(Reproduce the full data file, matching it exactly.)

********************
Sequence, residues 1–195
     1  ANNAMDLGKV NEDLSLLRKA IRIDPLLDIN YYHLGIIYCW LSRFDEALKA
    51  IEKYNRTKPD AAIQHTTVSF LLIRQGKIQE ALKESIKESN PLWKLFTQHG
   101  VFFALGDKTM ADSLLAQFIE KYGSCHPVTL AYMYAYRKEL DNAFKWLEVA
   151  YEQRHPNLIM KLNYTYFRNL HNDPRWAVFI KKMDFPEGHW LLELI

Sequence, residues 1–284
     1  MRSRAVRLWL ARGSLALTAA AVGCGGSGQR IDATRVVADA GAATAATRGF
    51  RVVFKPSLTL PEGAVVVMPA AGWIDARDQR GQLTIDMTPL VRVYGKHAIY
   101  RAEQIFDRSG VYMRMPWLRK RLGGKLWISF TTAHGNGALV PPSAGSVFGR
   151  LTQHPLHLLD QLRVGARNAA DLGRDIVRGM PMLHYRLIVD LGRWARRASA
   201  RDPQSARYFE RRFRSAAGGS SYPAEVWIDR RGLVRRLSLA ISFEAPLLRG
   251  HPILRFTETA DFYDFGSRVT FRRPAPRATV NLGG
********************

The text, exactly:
Sequence, residues 1–195
     1  ANNAMDLGKV NEDLSLLRKA IRIDPLLDIN YYHLGIIYCW LSRFDEALKA
    51  IEKYNRTKPD AAIQHTTVSF LLIRQGKIQE ALKESIKESN PLWKLFTQHG
   101  VFFALGDKTM ADSLLAQFIE KYGSCHPVTL AYMYAYRKEL DNAFKWLEVA
   151  YEQRHPNLIM KLNYTYFRNL HNDPRWAVFI KKMDFPEGHW LLELI

Sequence, residues 1–284
     1  MRSRAVRLWL ARGSLALTAA AVGCGGSGQR IDATRVVADA GAATAATRGF
    51  RVVFKPSLTL PEGAVVVMPA AGWIDARDQR GQLTIDMTPL VRVYGKHAIY
   101  RAEQIFDRSG VYMRMPWLRK RLGGKLWISF TTAHGNGALV PPSAGSVFGR
   151  LTQHPLHLLD QLRVGARNAA DLGRDIVRGM PMLHYRLIVD LGRWARRASA
   201  RDPQSARYFE RRFRSAAGGS SYPAEVWIDR RGLVRRLSLA ISFEAPLLRG
   251  HPILRFTETA DFYDFGSRVT FRRPAPRATV NLGG